Passive Investors Dump US Equities

2017 is shaping up to be a record year for ETF sales, with inflows of €58 billion in six months. These passive investors are selling US equities and buying European stocks

Emma Wall 13 July, 2017 | 12:02AM
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Emma Wall: Hello, and welcome to the Morningstar series 'Ask the Expert'. I'm Emma Wall, and I'm joined today by Morningstar's Jose Garcia Zarate to talk about ETF flows.

Hello, Jose.

Jose Garcia Zarate: Hello.

Wall: So, it has been a record six months, the first half of 2017 for ETF fund flows, hasn't it?

Garcia Zarate: It has. Actually, we've got close to €58 billion in net inflows. When you compare it to the record high year for ETFs, which was 2015, for the whole year we were basically totaling up about €70 billion. So, I mean, it would need basically things to get really badly in the second half of the year for 2017 not to be a new record year for the European ETF industry and the ETF industry in general, because we know that in the United States, they're really flying.

Wall: And they are doing better in terms of inflows and a lot of active funds as well, aren't they?

Garcia Zarate: Yes. I think, as I said, I'm not sure whether there is cross-pollination from what is happening in the U.S., which is a bit of a revolution, quite frankly. But, you know, all these messages about the low-cost investing, the flexibility of the vehicle are slowly but surely getting through to the European investor base, which is great news.

Wall: Let's have a look at where this record money is going then. What ETFs are European investors buying?

Garcia Zarate: Well, mostly equity this year. This year is a return of equity. Last year was the year of fixed income because of all the risks surrounding the global economy. This year is more the year of equity. Interestingly, we've seen different patterns between Q1 and Q2. For example, in the U.S., Q1 was the period, where there are a lot of people were willing to put money into the Trump trade, let's hope for good things for the United States.

Q2 we've seen outflows on U.S. equity EFTs, which is interesting. I just wonder whether investors are perhaps losing patience or taking some risk mitigation positions for what they see as inactivity or potential paralysis in – well, at the Trump administration. We'll have to wait and see, but most of that money has actually gone into U.S. fixed income, which is the classic risk aversion trade. Eurozone equity is doing very well as well.

U.K. equity is suffering because of Brexit, but it's mostly equity. Emerging markets as well doing very, very, very well. I think the dollar weakening against most major currencies, particularly in Q2 has helped emerging markets a lot.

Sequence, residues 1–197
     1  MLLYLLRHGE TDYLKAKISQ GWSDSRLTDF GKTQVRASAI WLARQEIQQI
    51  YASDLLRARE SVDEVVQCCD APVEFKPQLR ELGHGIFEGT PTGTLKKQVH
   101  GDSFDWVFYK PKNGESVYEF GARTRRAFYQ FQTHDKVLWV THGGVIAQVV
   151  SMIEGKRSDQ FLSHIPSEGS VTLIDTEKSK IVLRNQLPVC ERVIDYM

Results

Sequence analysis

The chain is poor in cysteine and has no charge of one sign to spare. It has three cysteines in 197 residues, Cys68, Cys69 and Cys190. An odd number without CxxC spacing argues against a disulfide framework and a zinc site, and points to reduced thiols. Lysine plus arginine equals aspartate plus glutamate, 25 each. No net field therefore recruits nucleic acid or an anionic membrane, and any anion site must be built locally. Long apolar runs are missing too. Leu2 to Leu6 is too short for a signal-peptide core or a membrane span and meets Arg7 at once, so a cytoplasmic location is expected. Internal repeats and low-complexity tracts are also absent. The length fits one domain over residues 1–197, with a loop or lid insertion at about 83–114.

Wall: Let's have a look at that European base though, because I know there are some country differences within that sort of European equity ETF space. Which countries are being favored by ETF investors?

Garcia Zarate: Well, this is quite interesting, because this is the unsung story of the year, of perhaps more than this year, even last year that the Eurozone economy is actually doing very well, you know, and that's actually quite surprising, because when you read the media, you'll still hear all the Eurozone economy is in the doldrums. Actually, it's doing very well. Thank you very much.

So, what we've seen, interestingly, is outflows for ETFs provide an exposure to the German equity market. Now, this is – I don't think it's related to the fact that the German economy is doing badly at all, because we know it's actually doing very well. I think, it's – again, it's risk reversion; basically, investors saying, okay, all the risks surrounding the eurozone economy, particularly political have gone out of the equation.

Wall: Things like the French election going well. That risk has abated.

Garcia Zarate: Dutch election, the rise of populist policies, et cetera. Also, I don't know, but perhaps they're seeing that the risk for the European Union further disintegrated because peer pressure or some countries following the example of the U.K. has pretty much dissipated. And the investors are seeing opportunities in economists – national economists other than Germany. So, you see that the Eurozone as a whole is doing very well, but money is actually coming out of German-only equity ETFs at the moment.

Wall: And then quickly, on emerging markets, because we are running an Emerging Markets Week this week. Is it the equity ETFs that are doing well? Or is it into emerging market debt that we are seeing inflows?

Garcia Zarate: I think it's both. It is both. You can see on the equity side, I think, obviously, because the economies are actually doing pretty well, and also, because the dollar is weakening against major currencies and that actually helps the emerging market story. On the fixed income side, there is still the overriding search for yield. And if you want yield and the emerging markets are the obvious place to go.

Wall: Jose, thank you very much.

Garcia Zarate: You're welcome.

Wall: This is Emma Wall for Morningstar. Thank you for watching.

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Emma Wall  is former Senior International Editor for Morningstar

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